This review was updated on February 18, 2005
Two separate narratives — a French woman searching for her stolen child and a pair of young Berlin drifters — never quite interlock in “Ghosts,” a disappointing entry by talented German writer-director Christian Petzold. Working again with rising young thesp Julia Hummer, with whom he made the riveting “The State I Am In” four years ago, Petzold brings his customarily cool gaze to emotionally discombobulated characters, but this time fails to evoke the almost mystical connections that have given his pics such a special flavor (“Something to Remind Me,” “Wolfsburg”). German-French co-prod looks set for scattered fest dates and limited arthouse play in Europe.
To the ascetic strains of a Bach cantata, Francoise Hurel (Marianne Basler) and her husband, Pierre (Aurelien Recoing) arrive in Berlin on what later is revealed to be another trip to find their daughter, Marie, stolen in a supermarket years ago, while still a young child. Meanwhile, in a city park, Nina (Hummer), who’s working as a garbage collector, watches silently as another young woman, Toni (German-Swiss actress Sabine Timoteo), is attacked by two men.
Nina later returns to comfort Toni, and an uneasy friendship starts between them, the former an introverted dreamer staying at a home for problem teens, the latter a streetwise babe who lives by stealing and aspires to become an actress. It’s also clear Nina feels emotionally and physically attracted to her assured new friend, and that Toni is happy to encourage this feeling, at least for the time being.
Things are less clear with the Francoise-Pierre narrative, which is only starting to come into focus, and plays more like a separate French-lingo art movie. In a clunky plot contrivance, Francoise catches sight of the two women from her hotel window and follows them, confronting Nina with the news that she is actually her long-lost daughter. Francoise’s evidence of a telltale scar on Nina’s ankle checks out, but there’s no time to verify the clincher — a heart-shaped mole on Nina’s back — before Toni, who thinks Francoise is just a wacko, drags Nina away.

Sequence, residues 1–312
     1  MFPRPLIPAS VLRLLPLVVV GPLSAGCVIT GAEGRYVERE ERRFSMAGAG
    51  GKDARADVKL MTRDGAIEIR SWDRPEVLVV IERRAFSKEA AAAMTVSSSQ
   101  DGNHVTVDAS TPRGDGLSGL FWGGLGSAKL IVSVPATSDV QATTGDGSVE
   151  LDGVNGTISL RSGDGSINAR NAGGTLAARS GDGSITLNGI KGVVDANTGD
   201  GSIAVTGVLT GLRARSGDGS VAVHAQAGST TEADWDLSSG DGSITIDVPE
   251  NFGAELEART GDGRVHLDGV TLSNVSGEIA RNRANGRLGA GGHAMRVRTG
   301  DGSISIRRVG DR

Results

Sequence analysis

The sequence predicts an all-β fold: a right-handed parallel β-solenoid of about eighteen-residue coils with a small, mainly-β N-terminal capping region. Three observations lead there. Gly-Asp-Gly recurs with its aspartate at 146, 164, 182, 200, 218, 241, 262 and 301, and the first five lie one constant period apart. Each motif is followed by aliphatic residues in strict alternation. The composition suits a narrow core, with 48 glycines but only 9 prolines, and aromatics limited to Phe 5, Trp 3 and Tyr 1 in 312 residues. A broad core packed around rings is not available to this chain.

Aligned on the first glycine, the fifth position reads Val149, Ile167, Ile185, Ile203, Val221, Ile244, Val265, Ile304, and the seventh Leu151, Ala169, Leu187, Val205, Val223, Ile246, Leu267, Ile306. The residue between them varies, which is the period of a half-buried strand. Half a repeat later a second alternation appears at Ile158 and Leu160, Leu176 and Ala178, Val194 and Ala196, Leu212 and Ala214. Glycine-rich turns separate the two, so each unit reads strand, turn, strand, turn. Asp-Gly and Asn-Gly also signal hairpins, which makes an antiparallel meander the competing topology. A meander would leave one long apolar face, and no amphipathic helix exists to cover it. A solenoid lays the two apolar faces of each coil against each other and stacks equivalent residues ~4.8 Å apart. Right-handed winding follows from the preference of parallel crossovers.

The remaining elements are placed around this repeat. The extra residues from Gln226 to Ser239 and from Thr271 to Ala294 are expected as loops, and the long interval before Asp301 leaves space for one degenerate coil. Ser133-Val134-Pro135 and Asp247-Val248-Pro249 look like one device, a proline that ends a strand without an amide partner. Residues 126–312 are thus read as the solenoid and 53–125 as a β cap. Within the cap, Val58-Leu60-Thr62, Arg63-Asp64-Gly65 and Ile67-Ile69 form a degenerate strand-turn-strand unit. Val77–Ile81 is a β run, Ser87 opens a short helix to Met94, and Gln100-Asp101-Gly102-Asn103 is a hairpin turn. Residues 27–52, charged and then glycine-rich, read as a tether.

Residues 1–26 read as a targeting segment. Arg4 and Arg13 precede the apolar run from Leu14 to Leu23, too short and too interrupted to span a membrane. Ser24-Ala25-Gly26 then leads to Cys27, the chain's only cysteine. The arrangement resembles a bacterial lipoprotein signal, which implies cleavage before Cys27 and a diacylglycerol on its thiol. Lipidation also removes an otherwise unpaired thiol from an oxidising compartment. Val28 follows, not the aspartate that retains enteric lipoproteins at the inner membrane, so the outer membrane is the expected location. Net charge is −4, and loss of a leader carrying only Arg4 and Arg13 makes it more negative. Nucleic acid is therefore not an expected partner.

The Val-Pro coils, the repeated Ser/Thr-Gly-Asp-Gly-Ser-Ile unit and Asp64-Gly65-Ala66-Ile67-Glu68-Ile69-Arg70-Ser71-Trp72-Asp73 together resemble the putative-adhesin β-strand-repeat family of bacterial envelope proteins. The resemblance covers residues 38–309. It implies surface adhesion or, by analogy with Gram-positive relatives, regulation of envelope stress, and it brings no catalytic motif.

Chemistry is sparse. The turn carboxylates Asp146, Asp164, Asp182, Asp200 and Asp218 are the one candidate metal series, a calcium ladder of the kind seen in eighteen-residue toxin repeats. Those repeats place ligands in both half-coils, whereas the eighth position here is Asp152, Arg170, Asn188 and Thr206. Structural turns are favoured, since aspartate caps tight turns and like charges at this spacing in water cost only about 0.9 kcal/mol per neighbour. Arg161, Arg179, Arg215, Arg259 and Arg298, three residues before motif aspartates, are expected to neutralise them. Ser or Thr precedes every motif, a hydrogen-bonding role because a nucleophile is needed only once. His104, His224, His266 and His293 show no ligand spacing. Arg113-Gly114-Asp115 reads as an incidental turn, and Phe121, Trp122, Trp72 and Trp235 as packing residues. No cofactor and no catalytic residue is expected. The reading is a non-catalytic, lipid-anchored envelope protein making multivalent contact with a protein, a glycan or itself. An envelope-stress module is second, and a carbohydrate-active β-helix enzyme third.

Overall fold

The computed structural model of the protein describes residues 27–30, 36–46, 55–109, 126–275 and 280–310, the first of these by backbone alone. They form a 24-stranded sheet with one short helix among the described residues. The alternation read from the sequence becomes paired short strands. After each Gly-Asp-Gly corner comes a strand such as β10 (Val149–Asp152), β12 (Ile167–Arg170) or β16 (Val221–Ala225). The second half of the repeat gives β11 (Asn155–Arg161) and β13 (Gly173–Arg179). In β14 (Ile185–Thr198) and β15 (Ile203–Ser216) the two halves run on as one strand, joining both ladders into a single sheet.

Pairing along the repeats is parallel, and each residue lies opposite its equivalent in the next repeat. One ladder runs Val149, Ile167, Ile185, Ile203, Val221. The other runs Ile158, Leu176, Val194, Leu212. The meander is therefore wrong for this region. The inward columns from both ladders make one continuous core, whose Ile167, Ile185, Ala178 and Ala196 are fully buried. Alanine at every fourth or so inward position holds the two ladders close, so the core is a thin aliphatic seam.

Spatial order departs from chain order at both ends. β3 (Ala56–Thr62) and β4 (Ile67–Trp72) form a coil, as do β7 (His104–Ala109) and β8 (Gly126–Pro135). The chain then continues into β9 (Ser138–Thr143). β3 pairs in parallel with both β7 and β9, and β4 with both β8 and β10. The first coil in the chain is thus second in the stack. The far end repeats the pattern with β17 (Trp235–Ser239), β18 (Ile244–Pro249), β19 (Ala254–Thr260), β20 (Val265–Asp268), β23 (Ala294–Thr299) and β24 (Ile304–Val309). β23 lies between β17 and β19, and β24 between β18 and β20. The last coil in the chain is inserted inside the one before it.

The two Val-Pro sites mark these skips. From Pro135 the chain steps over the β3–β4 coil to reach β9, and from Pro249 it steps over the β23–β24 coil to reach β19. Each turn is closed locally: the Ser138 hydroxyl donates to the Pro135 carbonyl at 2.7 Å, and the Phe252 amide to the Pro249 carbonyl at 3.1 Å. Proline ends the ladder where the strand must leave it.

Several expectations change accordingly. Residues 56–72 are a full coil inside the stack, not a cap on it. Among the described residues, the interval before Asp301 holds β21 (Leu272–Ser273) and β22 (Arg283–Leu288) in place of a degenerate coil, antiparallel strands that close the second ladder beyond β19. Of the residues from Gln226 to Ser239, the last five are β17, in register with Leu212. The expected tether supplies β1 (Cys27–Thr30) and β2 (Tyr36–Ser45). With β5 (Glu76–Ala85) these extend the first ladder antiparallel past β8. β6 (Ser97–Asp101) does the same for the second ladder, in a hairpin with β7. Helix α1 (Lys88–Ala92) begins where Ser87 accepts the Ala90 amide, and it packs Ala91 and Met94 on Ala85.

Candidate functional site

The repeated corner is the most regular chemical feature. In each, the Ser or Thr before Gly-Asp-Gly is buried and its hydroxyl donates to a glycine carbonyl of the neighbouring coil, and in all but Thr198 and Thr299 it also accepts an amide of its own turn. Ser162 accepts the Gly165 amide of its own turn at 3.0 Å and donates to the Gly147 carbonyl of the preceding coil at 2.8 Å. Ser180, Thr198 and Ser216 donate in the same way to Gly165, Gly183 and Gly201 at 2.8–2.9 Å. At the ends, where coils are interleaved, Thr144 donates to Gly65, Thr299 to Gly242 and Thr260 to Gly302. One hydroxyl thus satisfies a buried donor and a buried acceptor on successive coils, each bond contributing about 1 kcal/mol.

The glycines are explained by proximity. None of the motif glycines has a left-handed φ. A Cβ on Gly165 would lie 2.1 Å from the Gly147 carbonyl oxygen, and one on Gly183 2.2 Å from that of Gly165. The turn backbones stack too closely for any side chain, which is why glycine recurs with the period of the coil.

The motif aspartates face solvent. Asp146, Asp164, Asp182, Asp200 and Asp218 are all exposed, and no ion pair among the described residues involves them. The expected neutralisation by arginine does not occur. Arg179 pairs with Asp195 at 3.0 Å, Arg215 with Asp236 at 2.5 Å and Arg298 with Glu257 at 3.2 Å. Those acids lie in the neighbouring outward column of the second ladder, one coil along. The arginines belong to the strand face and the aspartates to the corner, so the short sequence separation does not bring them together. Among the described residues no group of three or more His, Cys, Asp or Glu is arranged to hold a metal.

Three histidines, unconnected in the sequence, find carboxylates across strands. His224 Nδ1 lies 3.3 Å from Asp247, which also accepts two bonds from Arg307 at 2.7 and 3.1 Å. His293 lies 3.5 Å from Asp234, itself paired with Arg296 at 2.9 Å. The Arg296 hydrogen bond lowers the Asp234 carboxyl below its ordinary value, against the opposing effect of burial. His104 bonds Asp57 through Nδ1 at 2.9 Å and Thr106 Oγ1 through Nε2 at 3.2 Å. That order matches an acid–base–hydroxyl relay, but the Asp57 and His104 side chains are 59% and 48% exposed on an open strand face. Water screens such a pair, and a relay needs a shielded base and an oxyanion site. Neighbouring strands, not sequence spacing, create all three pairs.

Script, by Petzold and his “State” collab, Harun Farocki, drifts in several directions, providing little extra depth to either character. At a swanky party at the manse of a director (Benno Fuermann), Toni reveals her sexual opportunism and Nina, even more confused, is left to settle the mystery of whether Francoise is her mother or not.
Petzold’s best films have always spun a magnetic web of emotional complicity between his characters. However, “Ghosts,” with its flip-flopping between narratives — of which only that of the German girls builds any momentum — never seems to get off the starting-blocks. Idea probably looked good on paper but hardly coheres into a single movie, especially with the extra problem of German and French cultural/thesping differences.
Still, when they’re together on screen, Hummer and Timoteo show an involving chemistry, with the former, who’s made a career so far from giving dour, shambling characters an inner fascination, impressively playing against the more forceful Timoteo, entirely believable as a tough young wannabe.
Tech package, as usual in Petzold’s movies, is clean and ultra-precise, with d.p. Hans Fromm, who lensed the striking “Something to Remind Me,” discreetly catching the flavor of summertime Berlin. However, even at 86 minutes, pic seems stretched, more a rough sketch than a fully worked out movie.